International mechanisms to revalue women's work: research

The report reviews different approaches to redress the undervaluation of women’s work and assesses their applicability to the Scottish employment context. The report finds that undervaluation of women’s work is a driver of the gender pay gap and makes recommendations to alleviate this disparity.

Appendix 1 – Case Study 2 – Belgium: Job Evaluation Schemes in Equal Pay Legislation

Belgium has one of the lowest GPGs in Europe. In 2019 women’s gross hourly earnings were 5.8 % less than men’s overall compared to a European average of 14.1% [84]. The GPG based on annual pay is wider, reflecting the impact of part-time work. There has been no noticeable GPG narrowing since 2012. Collective bargaining covers 96% of employees[85]. Belgian legislation calls for parties to private sector collective agreements to establish evaluation/classification schemes free of gender bias. Technical guidance and support from the federal Institute for Equality between Women and Men (IEWM), has also been acknowledged as important to implementation. Further legislation requiring gender mainstreaming in employment practices, annual pay audits and biennial analyses of pay structures – followed by action plans to rectify unequal pay – all contribute to the low GPG.


In 2006 Belgium introduced the Equal Value Project to establish analytical and gender-neutral job evaluation (JE) schemes. The Institute for Equality between Women and Men (IEWM) was given responsibility for this work and for producing guidance and training on JE for employers and trade unions. The IEWM is a semi-independent body, under ministerial control from an administrative perspective but remains autonomous with respect to legal action or the provision of advice to government and other public authorities. A specific unit within the IEWM is responsible for gender mainstreaming processes at federal level. A checklist was designed to detect gender discrimination in job classification (JE) schemes and highlight the factors that ensure a gender-neutral job classification system.

This work was followed by the 2007 Gender Act, which focused on gender mainstreaming and discrimination in employment reinforced by a 2007/08 cross-industry agreement that encouraged the social partners to develop and use gender-neutral JE. In 2008, Collective Agreement Number 95 called for further measures to secure equal treatment in employment, followed by the 2012 law, which focused on the GPG and required annual pay audits, biennial gender analysis of wage structures in companies with more than 50 employees and the requirement for action plans where women earn less than men and where wage bills covering women workers are lower than those for men. Companies must provide data broken down by gender to the National Bank. The law also requires the Federal Labour Service (SPF) to check and sign off job classifications on the basis of their gender neutrality.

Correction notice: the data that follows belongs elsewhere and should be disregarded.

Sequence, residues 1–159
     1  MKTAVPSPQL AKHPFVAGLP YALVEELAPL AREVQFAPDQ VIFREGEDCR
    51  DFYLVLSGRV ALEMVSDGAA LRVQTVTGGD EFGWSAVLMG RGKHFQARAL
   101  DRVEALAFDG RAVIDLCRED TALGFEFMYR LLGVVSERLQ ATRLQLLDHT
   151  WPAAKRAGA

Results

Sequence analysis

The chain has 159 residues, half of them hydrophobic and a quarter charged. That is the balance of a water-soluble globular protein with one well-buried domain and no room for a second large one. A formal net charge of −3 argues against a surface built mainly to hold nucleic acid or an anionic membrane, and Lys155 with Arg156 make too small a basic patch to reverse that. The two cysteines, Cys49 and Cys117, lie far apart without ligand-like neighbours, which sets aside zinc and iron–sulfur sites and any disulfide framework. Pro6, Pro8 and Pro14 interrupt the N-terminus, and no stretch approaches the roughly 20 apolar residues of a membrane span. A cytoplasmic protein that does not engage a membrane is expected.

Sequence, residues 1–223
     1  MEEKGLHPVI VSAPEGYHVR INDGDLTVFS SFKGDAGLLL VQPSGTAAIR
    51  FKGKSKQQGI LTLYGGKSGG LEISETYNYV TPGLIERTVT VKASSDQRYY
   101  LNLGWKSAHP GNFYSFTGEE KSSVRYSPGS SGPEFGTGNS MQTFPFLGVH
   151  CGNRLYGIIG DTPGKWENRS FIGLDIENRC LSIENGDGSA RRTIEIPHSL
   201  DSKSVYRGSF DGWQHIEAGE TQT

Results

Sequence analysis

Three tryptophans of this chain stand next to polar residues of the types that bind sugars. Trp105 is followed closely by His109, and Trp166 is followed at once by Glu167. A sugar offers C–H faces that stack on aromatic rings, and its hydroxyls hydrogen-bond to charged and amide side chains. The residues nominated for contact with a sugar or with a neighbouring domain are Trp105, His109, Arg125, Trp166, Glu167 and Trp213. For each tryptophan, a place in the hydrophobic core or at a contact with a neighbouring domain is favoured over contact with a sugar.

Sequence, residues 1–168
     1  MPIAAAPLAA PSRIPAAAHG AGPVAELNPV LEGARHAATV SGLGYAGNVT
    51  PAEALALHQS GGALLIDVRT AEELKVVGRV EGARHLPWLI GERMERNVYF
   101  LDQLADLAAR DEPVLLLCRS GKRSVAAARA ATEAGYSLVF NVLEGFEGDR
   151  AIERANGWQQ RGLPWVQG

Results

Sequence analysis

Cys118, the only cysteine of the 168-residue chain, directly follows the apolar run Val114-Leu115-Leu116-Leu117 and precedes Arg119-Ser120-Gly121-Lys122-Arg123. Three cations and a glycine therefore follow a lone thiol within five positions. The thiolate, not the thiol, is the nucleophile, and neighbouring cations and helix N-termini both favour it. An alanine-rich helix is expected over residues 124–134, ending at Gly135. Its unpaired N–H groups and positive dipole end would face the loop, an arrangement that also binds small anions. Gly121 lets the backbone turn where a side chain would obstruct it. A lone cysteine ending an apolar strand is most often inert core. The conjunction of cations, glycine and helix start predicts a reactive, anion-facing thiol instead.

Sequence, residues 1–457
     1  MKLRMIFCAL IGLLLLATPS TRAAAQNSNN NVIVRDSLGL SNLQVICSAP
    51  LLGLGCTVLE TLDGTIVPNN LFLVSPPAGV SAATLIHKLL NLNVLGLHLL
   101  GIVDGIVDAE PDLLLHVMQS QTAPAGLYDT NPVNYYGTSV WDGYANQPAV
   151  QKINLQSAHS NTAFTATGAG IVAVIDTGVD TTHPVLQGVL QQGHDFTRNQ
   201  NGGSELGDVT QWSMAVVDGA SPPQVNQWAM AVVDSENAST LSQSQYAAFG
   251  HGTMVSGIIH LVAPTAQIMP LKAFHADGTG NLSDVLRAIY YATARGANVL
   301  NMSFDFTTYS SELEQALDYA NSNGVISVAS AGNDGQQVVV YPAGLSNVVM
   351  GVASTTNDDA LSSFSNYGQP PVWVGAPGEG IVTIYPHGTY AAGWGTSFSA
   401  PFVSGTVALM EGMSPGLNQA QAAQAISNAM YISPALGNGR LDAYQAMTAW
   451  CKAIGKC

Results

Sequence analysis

JES that include attributes of female-dominated jobs, for example, emotional demands involved in care work, and that ensure gender-free weighting of job factors have been widely acknowledged in Belgium as crucial to achieving equal pay for work of equal value and narrowing of the GPG. However, there is still an absence of sanctions in several areas of the law in Belgium with questions raised about the completion of Social Balance Sheets, the National Bank unable to sanction employers, and no requirement for the enforcement of action plans[86]. A further weakness is the fact that confidentiality over pay persists. Interpretation of work of equal value is based on classifications of functions and limited to work conducted within the same sub-sector, the same company, with the same job title and seniority. Small companies and the public sector are excluded[87].

In 2019 it was proposed to strengthen legislation: Where remuneration structures were unequal action plans would be compulsory, as would the appointment of a mediator – an employee of the company appointed to find a compromise with the employer if an employee claims to be the victim of gender pay inequality. Companies would have to publish gender pay analysis reports on a website, and would be awarded a label on the basis of those analysis reports, which would be publicly accessible.


Although progress in developing JE schemes has been slow in Belgium, the focus on development of gender-neutral JE in the private sector and accompanying guidance and training provided by IEWM, suggest a model that could be adopted by the SG. If properly resourced and empowered such a body, located within government, the third sector or a university, could demonstrate the value of JE to private sector employers and help with its implementation.



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